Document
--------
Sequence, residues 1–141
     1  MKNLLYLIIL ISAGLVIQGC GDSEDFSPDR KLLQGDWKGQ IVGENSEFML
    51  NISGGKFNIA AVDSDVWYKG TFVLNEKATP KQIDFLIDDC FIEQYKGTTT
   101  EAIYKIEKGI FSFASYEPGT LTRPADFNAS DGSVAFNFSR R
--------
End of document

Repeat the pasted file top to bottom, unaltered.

Sequence, residues 1–141
     1  MKNLLYLIIL ISAGLVIQGC GDSEDFSPDR KLLQGDWKGQ IVGENSEFML
    51  NISGGKFNIA AVDSDVWYKG TFVLNEKATP KQIDFLIDDC FIEQYKGTTT
   101  EAIYKIEKGI FSFASYEPGT LTRPADFNAS DGSVAFNFSR R